HTML and CSS Reference
In-Depth Information
Some browsers support the accesskey attribute, allowing you to associ-
ate a key on the keypad with a link or form element in your content.
Pressing the key selects the link or switches the focus to an appropriate
form element. If you arrange your links as a numbered list map, each
with an accesskey number, users can quickly jump to a link with a single
key press, instead of tediously tapping to get to the desired link. For ex-
Kumquat Resources:
<li><a accesskey="1" href="growers.html">Growers</li>
<li><a accesskey="2" href="vendors.html">Vendors</li>
<li><a accesskey="3" href="fanclubs.html">Fan Clubs</li>
enables the user to press "1" on the device keypad in order to access
the kumquat growers page, "2" to see vendors, and "3" to find a fan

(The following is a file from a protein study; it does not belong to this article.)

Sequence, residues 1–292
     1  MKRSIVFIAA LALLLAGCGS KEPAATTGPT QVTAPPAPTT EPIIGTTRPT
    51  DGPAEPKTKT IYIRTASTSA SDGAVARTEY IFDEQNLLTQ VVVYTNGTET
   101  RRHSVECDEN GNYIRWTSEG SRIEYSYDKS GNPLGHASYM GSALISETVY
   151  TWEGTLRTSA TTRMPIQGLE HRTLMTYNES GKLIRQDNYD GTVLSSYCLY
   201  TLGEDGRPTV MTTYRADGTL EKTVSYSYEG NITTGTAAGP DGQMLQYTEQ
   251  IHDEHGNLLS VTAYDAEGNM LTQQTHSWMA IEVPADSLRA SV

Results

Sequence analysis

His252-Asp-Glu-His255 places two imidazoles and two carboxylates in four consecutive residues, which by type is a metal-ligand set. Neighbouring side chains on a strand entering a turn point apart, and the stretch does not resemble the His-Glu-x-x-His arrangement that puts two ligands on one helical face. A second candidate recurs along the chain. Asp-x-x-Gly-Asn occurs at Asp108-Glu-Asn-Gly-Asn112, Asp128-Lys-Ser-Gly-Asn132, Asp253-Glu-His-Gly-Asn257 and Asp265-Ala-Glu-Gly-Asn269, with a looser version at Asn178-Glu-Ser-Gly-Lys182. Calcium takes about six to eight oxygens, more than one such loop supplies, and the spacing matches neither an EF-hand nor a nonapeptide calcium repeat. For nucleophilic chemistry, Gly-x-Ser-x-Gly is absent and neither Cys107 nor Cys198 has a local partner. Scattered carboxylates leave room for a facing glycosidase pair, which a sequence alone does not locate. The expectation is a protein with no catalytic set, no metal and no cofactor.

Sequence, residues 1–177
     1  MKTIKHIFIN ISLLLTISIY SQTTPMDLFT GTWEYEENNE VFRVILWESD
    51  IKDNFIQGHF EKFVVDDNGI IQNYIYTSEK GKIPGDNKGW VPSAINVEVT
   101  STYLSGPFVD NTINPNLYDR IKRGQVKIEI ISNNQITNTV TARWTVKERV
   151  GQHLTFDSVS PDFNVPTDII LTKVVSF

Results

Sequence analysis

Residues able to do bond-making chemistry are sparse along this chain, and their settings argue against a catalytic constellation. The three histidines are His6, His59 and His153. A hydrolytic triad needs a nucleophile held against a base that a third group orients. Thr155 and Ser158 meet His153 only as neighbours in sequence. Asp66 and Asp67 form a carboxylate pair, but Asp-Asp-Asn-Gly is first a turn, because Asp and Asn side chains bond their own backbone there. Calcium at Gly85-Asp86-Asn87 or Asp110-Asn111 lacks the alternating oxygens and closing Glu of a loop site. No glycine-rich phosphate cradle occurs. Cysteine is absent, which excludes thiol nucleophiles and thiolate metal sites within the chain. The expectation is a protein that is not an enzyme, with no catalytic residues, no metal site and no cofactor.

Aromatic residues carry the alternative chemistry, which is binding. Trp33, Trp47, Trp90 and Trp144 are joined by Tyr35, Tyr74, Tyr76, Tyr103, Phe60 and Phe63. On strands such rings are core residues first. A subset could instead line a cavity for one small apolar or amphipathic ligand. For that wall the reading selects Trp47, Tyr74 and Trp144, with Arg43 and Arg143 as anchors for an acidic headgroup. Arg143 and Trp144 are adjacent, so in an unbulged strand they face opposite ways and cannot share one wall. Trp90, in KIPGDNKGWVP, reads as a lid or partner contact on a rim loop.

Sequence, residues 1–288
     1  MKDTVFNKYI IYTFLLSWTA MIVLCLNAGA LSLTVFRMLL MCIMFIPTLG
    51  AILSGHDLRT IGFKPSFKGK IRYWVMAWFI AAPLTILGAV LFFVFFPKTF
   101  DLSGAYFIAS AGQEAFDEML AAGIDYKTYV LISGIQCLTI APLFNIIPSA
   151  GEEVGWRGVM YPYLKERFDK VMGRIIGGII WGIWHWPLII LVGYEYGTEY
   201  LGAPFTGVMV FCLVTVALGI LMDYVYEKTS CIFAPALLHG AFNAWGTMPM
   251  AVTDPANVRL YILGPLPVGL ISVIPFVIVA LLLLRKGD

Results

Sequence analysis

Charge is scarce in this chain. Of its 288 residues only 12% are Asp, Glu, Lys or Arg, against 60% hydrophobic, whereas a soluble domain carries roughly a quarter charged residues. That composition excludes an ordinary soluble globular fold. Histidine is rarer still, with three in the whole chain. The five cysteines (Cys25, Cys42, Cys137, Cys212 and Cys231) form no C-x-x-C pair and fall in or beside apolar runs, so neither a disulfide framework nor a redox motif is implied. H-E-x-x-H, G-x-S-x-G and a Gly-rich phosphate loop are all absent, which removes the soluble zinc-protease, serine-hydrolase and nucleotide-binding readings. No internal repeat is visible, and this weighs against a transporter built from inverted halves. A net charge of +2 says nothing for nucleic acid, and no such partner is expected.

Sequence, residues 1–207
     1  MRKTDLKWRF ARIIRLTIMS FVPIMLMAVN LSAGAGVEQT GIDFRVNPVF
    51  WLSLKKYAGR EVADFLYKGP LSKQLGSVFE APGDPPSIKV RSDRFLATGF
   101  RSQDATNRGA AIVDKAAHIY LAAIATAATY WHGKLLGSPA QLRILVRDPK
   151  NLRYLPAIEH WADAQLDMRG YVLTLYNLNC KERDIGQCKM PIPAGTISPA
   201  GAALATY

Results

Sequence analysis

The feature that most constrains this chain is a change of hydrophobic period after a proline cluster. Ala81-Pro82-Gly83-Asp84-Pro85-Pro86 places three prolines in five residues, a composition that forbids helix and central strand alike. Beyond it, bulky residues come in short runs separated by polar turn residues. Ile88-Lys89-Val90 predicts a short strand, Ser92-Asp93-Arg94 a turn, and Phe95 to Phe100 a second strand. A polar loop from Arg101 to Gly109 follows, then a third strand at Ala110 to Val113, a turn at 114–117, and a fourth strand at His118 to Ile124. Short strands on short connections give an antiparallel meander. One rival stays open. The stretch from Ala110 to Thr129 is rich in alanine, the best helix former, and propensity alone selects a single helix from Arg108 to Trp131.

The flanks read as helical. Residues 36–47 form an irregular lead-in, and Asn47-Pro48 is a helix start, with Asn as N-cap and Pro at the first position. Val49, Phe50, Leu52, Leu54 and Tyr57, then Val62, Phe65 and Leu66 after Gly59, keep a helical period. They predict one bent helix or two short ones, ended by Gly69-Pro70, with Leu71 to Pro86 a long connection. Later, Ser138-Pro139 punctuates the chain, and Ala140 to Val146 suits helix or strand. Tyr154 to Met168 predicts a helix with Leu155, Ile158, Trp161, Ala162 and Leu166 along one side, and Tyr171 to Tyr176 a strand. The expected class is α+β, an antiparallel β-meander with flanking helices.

club. Enable these as simple hyperlinks, and the user has to make sev-
eral key presses to access and select the embedded link. Small design
decisions like this can make a big difference in the overall user experi-
In general, following a link in a mobile browser is costly, in both time
and money. Clearly identify your links so that the user knows where
they lead and what they will provide. Anonymous "click here" links are
annoying. Users do not want to explore your site; they want to get to
the desired content quickly. If a link might lead to a large amount of
content, such as an image, let users know in the linking page so that
they can choose to avoid it.
Especially avoid image-based links, except when the images are very
small. Many mobile browsers allow the user to navigate the page and
select a link before the full page is loaded. Remember that the page
gets fully downloaded from the server before going back and download-
ing supporting files such as images. Accordingly, text-based links appear
nearly immediately, whereas image-based ones make the user wait. In
any case, avoid image-map navigation because the regions in the map
Search WWH ::

Custom Search